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Opposition activists (from left) Yeung Sum, Lee Cheuk-yan, “Long Hair” Leung Kwok-hung, Jimmy Lai, Cyd Ho, Richard Tsoi and Leung Yiu-chung outside West Kowloon Court on Wednesday. Photo: Dickson Lee

Hong Kong protests: opposition activists facing range of criminal charges drop legal challenge against court switch

  • Group including media tycoon Jimmy Lai had considered judicial review against decision to move trial to District Court
  • New venue means 15 defendants face tougher sentences if convicted
Brian Wong
Some 15 Hong Kong opposition figures charged with a variety of offences in connection with last year’s anti-government protests could face tougher punishments, after they dropped a proposed challenge against the transfer of their case to a higher court.

Prosecutors told West Kowloon Court on Wednesday that the group, charged over four unauthorised rallies between August and October, would not launch judicial review proceedings against the decision to move the trial to District Court.

Defence lawyers said at a hearing last month the allegations were not serious enough to warrant a trial in the court, where their clients could be subject to stiffer penalties if convicted.

While the reason for the defendants’ change of mind was not revealed in court, their lawyers were believed to have made the decision because they thought the chances of winning were slim.

Hong Kong media tycoon Jimmy Lai leaves West Kowloon Court after Wednesday’s hearing. Photo: Dickson Lee
The accused, including media tycoon Jimmy Lai Chee-ying, as well as incumbent and former opposition lawmakers and activists, face 61 charges, which some think are an attempt to silence dissent.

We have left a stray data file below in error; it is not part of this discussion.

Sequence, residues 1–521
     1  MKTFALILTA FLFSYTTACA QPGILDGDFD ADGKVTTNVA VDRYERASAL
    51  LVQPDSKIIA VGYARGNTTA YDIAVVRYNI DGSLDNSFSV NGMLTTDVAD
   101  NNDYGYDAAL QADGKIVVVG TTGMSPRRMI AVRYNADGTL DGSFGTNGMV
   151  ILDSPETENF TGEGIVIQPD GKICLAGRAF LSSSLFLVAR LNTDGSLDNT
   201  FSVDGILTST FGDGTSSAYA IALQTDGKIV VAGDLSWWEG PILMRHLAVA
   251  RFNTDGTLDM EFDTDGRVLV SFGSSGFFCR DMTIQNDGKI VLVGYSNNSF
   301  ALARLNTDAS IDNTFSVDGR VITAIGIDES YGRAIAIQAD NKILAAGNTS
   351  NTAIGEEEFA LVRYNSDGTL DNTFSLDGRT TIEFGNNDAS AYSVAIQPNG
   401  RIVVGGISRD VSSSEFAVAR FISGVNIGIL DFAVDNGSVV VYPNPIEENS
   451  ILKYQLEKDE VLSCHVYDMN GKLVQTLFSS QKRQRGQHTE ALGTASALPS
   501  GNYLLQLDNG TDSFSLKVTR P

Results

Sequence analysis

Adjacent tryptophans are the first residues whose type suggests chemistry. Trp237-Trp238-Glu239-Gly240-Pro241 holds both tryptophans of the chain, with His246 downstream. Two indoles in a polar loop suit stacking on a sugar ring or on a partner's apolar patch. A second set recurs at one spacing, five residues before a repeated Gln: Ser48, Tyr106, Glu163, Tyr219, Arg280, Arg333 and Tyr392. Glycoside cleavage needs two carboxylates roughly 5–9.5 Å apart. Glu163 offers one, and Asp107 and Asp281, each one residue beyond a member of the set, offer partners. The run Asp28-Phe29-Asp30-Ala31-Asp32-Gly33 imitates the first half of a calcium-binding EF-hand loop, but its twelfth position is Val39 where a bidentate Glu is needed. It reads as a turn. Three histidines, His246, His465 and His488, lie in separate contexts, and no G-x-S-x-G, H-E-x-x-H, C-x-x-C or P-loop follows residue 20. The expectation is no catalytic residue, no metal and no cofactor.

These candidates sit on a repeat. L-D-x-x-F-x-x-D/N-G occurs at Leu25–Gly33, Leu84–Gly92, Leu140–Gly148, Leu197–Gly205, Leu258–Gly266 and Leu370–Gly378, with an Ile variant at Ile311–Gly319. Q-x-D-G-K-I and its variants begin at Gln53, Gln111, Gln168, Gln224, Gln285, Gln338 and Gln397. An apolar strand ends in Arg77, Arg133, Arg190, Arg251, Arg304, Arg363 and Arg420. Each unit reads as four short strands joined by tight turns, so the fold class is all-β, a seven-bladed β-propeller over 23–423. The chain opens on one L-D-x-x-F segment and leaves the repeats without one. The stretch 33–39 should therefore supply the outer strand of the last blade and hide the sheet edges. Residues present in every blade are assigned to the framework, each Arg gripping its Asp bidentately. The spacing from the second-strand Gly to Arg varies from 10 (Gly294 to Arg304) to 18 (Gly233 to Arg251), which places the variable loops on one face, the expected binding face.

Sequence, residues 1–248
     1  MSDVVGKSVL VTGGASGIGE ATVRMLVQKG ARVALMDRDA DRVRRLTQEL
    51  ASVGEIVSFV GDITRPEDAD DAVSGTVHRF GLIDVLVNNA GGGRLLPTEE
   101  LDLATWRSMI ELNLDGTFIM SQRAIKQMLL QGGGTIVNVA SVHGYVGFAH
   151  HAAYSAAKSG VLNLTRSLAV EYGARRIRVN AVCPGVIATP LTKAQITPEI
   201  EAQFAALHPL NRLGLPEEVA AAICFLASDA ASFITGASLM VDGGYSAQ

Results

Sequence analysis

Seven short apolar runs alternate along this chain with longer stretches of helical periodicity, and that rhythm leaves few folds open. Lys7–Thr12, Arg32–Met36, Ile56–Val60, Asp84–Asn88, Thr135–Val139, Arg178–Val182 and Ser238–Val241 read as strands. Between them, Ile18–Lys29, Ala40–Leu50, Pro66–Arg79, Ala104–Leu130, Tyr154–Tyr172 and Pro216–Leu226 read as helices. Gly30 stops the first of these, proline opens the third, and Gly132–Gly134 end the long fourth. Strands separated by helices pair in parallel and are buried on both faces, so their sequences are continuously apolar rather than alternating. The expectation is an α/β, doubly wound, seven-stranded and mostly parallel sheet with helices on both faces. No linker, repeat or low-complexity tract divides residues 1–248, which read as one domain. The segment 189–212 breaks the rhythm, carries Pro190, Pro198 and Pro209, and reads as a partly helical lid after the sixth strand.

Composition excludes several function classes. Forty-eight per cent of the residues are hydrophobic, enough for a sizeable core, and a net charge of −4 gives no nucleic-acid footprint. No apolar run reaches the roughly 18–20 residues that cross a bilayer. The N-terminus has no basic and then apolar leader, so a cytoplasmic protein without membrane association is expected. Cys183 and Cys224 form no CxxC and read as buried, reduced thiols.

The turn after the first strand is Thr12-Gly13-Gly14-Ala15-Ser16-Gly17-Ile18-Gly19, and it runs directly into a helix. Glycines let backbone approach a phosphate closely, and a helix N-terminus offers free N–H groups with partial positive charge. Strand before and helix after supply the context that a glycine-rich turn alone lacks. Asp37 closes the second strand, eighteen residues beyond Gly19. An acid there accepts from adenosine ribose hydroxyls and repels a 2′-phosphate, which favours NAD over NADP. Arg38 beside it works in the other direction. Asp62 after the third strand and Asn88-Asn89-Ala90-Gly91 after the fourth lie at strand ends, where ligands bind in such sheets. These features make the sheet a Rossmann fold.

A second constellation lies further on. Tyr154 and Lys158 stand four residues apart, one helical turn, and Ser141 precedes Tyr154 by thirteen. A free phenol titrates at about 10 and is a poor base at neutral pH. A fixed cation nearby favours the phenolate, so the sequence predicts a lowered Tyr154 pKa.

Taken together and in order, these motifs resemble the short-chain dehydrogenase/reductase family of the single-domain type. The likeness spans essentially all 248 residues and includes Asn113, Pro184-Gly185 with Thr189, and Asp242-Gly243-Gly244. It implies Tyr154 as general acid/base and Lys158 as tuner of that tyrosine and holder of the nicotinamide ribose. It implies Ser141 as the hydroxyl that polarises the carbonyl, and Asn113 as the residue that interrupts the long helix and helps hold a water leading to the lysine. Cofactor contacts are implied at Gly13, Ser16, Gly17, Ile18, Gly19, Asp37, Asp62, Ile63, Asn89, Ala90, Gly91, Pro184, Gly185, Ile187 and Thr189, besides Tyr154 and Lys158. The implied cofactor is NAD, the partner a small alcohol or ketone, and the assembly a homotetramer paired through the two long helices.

Police have denied that there were any political motives behind their action.

The charges include: organising an unauthorised assembly, knowingly taking part in an unauthorised assembly, and incitement to knowingly take part in an unauthorised assembly.

The offences all carry a maximum sentence of five years in prison, but each is capped at two years in the magistrates’ courts.

Prosecutors applied to move the case to the higher court, where a judge can impose the maximum jail term in sentencing.

Other defendants include lawmaker Leung Yiu-chung and nine former legislators – Martin Lee Chu-ming, Albert Ho Chun-yan, Lee Cheuk-yan, “Long Hair” Leung Kwok-hung, Cyd Ho Sau-lan, Sin Chung-kai, Yeung Sum, Margaret Ng Ngoi-yee and Au Nok-hin.

Activists Figo Chan Ho-wun, Richard Tsoi Yiu-cheong and Raphael Wong Ho-ming were also charged.

Opposition leader, four more arrested for ‘unlawful assembly’ in November

The 15 face two to eight counts stemming from the processions which took place on August 18 and 31, as well as October 1 and 20 last year.

Meanwhile, veteran activist Koo Sze-yiu has been prosecuted for waving an inverted Chinese flag daubed with graffiti outside court before Wednesday’s hearing. The graffiti read: “Black terror. White terror. Fascist terror.”

Police said they would lay one count of desecrating the national flag against the 74-year-old man at the same court on Thursday morning.

Before his arrest, Koo said he was protesting against the enactment of the national anthem law and the national security law, adding he did not fear imprisonment.

He has been jailed seven times for desecrating the national flag. He was last jailed for six weeks for writing slogans on the Chinese flag before tearing it apart during a 2018 protest.

This article appeared in the South China Morning Post print edition as: Protest activists drop legal challenge to court switch